The second is facilitated access to the governance process and eventual return in the country of competent human resources which would be associated with technical and/or technocratic assistance within the state administration. We are talking not only about managers, but also about professionals from education and healthcare. Such a common effort should be oriented not only through the central government but also at the municipal level. Past practice shows that the creation of such institutional instruments for recruitment cannot be made efficient without the involvement of western support, including the EU. We are talking about hundreds of individuals for the beginning (6–12 months), needed within the central government just as within the local municipality level. After such a momentum is created, it would be expected that a centripetal effect could be shaped up.
The third one is vision and expertise for reforming the institutional and normative fabric of the state. At this point the Moldovan executive (central governmental chancellery and presidency), that is including the ministries, benefit from the expertise of 11 EU funded advisors. However such an input is only the tip of the iceberg for Moldova’s needs and challenges. A mechanism for attracting and recruiting diaspora Moldovans should also be conceived in order to improve Moldova’s capacity to reform and produce a new institutional culture.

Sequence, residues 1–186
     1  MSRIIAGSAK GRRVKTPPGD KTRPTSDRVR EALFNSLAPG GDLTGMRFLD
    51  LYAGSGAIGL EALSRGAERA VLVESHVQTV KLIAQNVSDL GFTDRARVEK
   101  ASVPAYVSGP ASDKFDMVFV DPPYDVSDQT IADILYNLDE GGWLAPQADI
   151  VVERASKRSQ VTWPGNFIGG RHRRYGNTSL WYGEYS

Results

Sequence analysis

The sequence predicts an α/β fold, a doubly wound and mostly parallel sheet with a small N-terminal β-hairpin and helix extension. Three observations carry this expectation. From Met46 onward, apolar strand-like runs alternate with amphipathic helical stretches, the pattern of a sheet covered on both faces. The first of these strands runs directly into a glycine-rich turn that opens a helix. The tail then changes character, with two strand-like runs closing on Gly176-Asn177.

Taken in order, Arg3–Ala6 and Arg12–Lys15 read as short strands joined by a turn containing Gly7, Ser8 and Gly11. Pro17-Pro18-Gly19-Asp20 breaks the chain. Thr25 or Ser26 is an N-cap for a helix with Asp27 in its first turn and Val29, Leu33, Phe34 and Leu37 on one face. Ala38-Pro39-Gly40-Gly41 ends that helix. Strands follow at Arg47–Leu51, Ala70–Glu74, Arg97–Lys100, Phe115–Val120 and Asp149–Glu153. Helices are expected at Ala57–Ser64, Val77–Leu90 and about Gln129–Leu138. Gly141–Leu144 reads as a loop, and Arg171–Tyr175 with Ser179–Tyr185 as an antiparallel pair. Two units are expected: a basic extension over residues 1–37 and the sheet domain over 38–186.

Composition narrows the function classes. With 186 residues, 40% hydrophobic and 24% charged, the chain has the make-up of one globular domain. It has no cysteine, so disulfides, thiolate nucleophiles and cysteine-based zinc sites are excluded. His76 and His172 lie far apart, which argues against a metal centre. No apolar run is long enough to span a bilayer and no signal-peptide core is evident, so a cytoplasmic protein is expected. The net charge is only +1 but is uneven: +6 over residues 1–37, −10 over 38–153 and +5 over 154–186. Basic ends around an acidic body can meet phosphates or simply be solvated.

The last, but not least, construction and reconstruction of the critical infrastructure is a must do now! Moldova is logistically relying on an infrastructure build and designed by Russian/Soviet standards. The last three decades, Moldova did no break from this structural dependence because it lacked vision, motivation, resources and a sense of strategic purpose. At present such a purpose seems to be in the process of formation, provided the country benefits from a massive investment. There is no other source for this than the European Union. The EU candidate status could be and should be the source of convergence and transformation to European standards through the resources, expertise and stability it would provide.
¹ For more details please see Sondaj socio-politic, Mai 2022, WatchDog Moldova and CBS-AXA.
Oktawian Miliewski, Correspondent for Radio France Internationale, Moldova